There are concrete examples in nature of cooperation based on mimicry. The classic example is the cuckoo. Cuckoos mimic the eggs of their hosts - often in considerable detail - in order to elicit cooperative feeding behaviour from them. The mimicry is necessary - since the hosts employ kin recognition based on egg shell traits in order to identify their own offspring. Modifications in the host eggs are eventually copied by the cuckoo lineage - proving that genuine copying is going on.
Kin selection is clearly involved in the mimicry of the cuckoo - but most would characterize it as a case of kin selection gone wrong - since the benefits go to non-kin.
An alternative analysis looks at relatedness between the copied egg shell traits. These have managed to extend themselves beyond the host species, by copying themselves into another species - thereby gaining access to the resources of a different niche. Since many host eggs perish for each cuckoo egg, this might not seem like a good deal for the trait - but such spreading between species often turns out to be a smart move in the long run.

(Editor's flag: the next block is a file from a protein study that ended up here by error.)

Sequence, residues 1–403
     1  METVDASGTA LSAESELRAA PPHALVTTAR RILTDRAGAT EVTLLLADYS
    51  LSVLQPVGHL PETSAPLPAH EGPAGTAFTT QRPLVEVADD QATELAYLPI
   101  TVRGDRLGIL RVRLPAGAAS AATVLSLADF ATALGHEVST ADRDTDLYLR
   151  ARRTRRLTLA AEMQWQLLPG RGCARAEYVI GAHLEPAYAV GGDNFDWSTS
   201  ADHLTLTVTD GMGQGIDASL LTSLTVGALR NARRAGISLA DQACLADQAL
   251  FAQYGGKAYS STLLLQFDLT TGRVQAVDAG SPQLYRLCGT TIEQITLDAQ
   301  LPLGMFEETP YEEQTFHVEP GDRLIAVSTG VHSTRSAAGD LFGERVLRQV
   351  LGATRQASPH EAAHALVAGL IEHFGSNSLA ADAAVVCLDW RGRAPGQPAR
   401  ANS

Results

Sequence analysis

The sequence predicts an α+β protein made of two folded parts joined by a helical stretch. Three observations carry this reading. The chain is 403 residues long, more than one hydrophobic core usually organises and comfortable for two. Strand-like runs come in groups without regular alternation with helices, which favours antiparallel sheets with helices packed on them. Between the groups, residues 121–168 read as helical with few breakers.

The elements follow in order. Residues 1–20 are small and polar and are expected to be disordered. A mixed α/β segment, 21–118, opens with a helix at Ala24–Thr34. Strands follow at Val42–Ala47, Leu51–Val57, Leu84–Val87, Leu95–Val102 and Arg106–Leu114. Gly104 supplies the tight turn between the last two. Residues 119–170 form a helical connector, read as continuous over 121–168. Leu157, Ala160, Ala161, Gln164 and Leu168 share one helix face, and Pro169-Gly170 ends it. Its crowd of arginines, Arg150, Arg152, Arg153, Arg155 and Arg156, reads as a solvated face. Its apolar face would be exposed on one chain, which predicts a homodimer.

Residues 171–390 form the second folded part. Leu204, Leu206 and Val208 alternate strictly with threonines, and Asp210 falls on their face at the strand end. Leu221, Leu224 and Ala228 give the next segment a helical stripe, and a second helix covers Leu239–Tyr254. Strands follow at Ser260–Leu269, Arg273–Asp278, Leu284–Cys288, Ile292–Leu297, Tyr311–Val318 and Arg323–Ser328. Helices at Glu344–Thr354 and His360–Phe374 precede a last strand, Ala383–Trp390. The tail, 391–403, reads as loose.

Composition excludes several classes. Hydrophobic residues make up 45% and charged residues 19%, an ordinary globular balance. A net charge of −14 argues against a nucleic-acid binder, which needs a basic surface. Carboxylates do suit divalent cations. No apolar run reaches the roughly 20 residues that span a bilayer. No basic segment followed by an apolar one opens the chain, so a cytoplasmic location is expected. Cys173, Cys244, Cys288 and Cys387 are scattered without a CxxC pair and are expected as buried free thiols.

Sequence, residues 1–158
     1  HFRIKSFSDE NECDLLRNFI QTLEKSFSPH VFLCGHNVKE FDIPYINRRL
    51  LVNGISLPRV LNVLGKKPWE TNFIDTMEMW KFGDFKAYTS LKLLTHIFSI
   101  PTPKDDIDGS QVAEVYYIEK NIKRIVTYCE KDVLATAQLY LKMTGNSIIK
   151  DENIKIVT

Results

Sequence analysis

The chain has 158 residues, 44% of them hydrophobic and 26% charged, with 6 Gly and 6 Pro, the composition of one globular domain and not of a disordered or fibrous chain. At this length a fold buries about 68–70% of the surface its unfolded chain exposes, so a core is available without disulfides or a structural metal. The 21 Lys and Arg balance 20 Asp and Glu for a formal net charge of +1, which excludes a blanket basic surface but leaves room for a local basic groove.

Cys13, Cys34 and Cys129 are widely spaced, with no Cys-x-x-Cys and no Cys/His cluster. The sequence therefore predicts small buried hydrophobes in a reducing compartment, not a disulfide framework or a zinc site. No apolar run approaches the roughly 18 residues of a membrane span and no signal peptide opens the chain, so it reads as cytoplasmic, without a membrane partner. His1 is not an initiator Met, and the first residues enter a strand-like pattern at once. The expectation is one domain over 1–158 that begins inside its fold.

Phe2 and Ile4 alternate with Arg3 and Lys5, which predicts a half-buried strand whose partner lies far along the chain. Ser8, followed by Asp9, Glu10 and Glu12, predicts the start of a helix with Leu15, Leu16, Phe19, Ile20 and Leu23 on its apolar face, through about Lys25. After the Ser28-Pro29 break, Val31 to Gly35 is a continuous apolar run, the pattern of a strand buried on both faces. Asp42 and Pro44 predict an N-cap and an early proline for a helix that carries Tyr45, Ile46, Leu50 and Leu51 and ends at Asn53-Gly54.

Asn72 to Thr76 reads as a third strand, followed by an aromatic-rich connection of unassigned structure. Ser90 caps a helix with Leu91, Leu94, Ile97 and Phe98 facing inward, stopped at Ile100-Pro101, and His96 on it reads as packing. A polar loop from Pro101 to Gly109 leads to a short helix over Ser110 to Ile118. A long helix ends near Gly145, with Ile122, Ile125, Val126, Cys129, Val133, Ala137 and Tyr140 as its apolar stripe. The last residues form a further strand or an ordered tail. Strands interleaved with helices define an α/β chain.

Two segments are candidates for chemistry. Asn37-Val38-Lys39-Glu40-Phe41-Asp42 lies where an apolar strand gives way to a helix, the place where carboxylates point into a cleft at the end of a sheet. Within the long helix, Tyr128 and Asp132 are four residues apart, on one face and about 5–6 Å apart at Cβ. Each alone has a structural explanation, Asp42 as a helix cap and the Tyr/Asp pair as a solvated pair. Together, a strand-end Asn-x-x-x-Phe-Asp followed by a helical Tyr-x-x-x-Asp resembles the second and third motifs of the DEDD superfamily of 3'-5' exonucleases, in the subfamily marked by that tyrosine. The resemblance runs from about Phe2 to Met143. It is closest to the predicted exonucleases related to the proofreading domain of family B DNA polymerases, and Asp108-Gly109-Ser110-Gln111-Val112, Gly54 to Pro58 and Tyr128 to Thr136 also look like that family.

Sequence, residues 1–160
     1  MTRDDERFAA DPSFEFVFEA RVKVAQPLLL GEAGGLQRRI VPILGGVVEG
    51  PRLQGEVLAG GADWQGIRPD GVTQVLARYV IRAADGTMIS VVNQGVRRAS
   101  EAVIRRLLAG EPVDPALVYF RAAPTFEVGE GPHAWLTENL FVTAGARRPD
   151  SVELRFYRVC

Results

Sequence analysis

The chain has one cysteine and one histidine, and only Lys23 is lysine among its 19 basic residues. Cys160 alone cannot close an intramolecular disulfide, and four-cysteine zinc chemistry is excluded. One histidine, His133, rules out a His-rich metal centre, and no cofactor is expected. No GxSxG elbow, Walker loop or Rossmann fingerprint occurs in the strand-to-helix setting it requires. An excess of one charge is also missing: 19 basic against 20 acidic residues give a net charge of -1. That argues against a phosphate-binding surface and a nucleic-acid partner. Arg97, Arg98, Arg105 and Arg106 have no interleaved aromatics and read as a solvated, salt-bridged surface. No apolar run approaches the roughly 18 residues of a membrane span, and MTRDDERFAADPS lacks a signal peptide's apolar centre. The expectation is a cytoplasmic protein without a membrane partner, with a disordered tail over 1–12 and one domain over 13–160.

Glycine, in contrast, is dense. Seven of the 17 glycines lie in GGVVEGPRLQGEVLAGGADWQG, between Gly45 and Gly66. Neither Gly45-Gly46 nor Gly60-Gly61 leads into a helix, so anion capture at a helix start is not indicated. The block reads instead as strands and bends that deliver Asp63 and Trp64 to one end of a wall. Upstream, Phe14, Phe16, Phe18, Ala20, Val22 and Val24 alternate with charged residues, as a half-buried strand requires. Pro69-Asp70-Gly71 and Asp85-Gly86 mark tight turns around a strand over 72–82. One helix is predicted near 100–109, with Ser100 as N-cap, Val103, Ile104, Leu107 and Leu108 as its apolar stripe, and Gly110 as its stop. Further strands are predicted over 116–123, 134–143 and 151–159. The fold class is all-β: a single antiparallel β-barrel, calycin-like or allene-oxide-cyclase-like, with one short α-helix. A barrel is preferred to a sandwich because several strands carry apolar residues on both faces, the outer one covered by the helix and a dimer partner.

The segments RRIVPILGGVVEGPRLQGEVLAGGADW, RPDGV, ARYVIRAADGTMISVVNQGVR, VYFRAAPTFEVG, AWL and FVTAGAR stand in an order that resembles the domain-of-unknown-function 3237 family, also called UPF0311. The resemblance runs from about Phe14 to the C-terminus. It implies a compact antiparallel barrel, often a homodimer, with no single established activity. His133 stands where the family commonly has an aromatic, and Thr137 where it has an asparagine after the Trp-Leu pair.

Of course, mimicry also happens in human culture. For example, viral videos spawn parodies which are a form of cultural mimicry. There's also mimicry between culture and organic organisms - for example, Kermit the frog mimics an organic frog.
Mimicry shows that kin selection can still apply between what seem to be non-relatives, provided they share an inherited trait. Cooperation can result because the traits themselves are kin - in the sense that one of them is copied from the other one.